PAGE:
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America’s Heroes also Work in Fire Departments, Hospitals and Public Schools

Gen. Kelly needs to zip it

But really, why stop there? What about America’s public schoolteachers? Theirs is a profession that was once highly respected but today they are widely trashed by the likes of Trump Education Department Secretary Betsy Devos and Republican politicians in Congress. The average starting pay of a public school teacher in New York City — for a person who has earned a bachelor’s degree — is $45,560. That’s a lot higher than the US military is paying a new enlistee. But how about a recruit just out of college and ROTC, which is more comparable? That person starts out in the Army at an E-4 rank earning $25,000, but again, will be posted on a base with no cost of living expenses. The starting teacher, meanwhile, living in one of the most expensive rental markets in the country, will be spending probably $18,000 on rent alone, and also will be paying city and state taxes which the ROTC grad won’t. And starting pay for teachers in many school is far lower than in NYC. (Also the ROTC recruit got most of her or his college tuition covered and received a stipend, while the young teacher starts off deep in college loan debt for her or his degree.)

But how about that teacher’s motivation? Many, like my daughter who taught math for five years in inner city New York high schools, went there by choice, because she felt that as someone with a masters degree in mathematics and training and experience as a teacher, she could really make a difference in the lives of kids who were from poor and struggling families — and she did. Does Gen. Kelly think that kind of dedication — and it’s a dedication shared by many teachers who choose to teach in schools that serve such children, rather than seeking out better-paying teaching posts in wealthy suburban districts — is somehow of a lower order than people who opt for a career in the military? Apparently so.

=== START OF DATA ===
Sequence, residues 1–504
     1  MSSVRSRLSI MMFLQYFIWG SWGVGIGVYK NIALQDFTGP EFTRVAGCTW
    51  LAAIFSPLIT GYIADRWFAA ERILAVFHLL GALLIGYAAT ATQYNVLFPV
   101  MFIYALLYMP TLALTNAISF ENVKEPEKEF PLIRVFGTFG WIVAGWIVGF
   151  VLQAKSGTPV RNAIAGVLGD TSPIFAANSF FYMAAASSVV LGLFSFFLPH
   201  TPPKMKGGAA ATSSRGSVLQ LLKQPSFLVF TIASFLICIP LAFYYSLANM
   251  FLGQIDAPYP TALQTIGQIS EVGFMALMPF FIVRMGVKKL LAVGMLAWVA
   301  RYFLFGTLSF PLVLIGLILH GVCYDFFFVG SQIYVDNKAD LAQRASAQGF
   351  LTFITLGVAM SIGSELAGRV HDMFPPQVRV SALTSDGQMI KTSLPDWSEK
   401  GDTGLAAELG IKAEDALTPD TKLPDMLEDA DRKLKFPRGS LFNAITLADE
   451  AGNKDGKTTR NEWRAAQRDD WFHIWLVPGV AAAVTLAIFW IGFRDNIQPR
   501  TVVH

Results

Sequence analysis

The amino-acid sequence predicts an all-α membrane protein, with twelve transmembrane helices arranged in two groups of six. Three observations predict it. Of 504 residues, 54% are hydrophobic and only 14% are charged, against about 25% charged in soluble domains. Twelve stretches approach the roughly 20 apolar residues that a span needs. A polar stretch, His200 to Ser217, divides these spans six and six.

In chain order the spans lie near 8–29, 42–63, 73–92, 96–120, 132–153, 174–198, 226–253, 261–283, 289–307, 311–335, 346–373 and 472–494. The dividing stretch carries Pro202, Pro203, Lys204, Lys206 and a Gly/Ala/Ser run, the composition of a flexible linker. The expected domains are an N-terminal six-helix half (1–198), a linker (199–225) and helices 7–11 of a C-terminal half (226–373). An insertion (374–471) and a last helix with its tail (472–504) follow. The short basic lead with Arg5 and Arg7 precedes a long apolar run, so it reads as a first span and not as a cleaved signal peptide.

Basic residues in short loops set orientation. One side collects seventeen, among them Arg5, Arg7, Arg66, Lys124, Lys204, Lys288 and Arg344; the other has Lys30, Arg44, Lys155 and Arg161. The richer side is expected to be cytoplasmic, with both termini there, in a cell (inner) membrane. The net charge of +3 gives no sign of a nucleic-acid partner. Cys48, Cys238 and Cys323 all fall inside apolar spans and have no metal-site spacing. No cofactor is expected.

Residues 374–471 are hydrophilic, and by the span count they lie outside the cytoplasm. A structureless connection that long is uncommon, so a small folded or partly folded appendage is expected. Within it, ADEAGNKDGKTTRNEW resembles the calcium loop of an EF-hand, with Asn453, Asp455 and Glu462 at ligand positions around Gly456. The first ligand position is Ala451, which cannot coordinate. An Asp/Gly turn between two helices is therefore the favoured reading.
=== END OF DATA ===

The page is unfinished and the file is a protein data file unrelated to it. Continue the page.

For that matter, is serving the US military in a combat zone, for most military personnel, that much less dangerous than being a teacher in many US inner cities riven by drugs and gang violence and drive-by shootings? Just getting to and from work in cities like Camden, Philadelphia, parts of New York City or Chicago or many of our larger cities takes courage. And remember, teachers aren’t riding in armored Humvees or flying high above the fray in virtually invincible fighter-bombers. Most of them are walking to work or riding on public transit -- they aren't issued body armor when they do it either.

As far as I’m concerned Gen. Kelly is full of it and himself. It takes nothing away from America’s men and women in uniform to say that there are unsung heroes all around us, right here in America. They don’t wear desert camo; they wear the clothes appropriate to their jobs as teachers, nurses and nurse’s aides, firefighters, EMTs, etc. People don’t applaud them as they pass, thank them for their service or give up seats for them on airplanes but they are heroes all the same.

Rep. Frederica Wilson, singled out as an “empty barrel” by Gen. Kelly in his lie-laced tirade against her, was an urban schoolteacher before she became an urban school principal, and before she decided to run for and win a seat in Congress. And nobody can tell me she isn’t as noble a public servant and hero for what she’s done in her life as the four-star General whose current assignment in retirement is supposed to be keeping our sociopathic president from going off the rails.

story | by Dr. Radut